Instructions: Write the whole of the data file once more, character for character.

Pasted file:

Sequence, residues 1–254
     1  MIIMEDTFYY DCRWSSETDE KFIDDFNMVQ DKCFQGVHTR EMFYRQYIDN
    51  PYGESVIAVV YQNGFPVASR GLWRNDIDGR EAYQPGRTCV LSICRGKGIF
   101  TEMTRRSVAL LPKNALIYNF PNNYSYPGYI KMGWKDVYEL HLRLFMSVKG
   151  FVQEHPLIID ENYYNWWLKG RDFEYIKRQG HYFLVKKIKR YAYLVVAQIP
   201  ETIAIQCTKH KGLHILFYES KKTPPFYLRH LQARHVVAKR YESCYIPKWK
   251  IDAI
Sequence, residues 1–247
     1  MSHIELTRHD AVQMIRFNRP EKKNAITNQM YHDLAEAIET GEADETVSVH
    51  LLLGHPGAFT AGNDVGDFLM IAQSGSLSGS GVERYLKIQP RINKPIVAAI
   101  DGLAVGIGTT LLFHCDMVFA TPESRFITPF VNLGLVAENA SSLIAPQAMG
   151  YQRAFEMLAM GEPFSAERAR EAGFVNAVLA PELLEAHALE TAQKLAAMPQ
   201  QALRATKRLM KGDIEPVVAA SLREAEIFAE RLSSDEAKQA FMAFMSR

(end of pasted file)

Sequence, residues 1–254
     1  MIIMEDTFYY DCRWSSETDE KFIDDFNMVQ DKCFQGVHTR EMFYRQYIDN
    51  PYGESVIAVV YQNGFPVASR GLWRNDIDGR EAYQPGRTCV LSICRGKGIF
   101  TEMTRRSVAL LPKNALIYNF PNNYSYPGYI KMGWKDVYEL HLRLFMSVKG
   151  FVQEHPLIID ENYYNWWLKG RDFEYIKRQG HYFLVKKIKR YAYLVVAQIP
   201  ETIAIQCTKH KGLHILFYES KKTPPFYLRH LQARHVVAKR YESCYIPKWK
   251  IDAI
Sequence, residues 1–247
     1  MSHIELTRHD AVQMIRFNRP EKKNAITNQM YHDLAEAIET GEADETVSVH
    51  LLLGHPGAFT AGNDVGDFLM IAQSGSLSGS GVERYLKIQP RINKPIVAAI
   101  DGLAVGIGTT LLFHCDMVFA TPESRFITPF VNLGLVAENA SSLIAPQAMG
   151  YQRAFEMLAM GEPFSAERAR EAGFVNAVLA PELLEAHALE TAQKLAAMPQ
   201  QALRATKRLM KGDIEPVVAA SLREAEIFAE RLSSDEAKQA FMAFMSR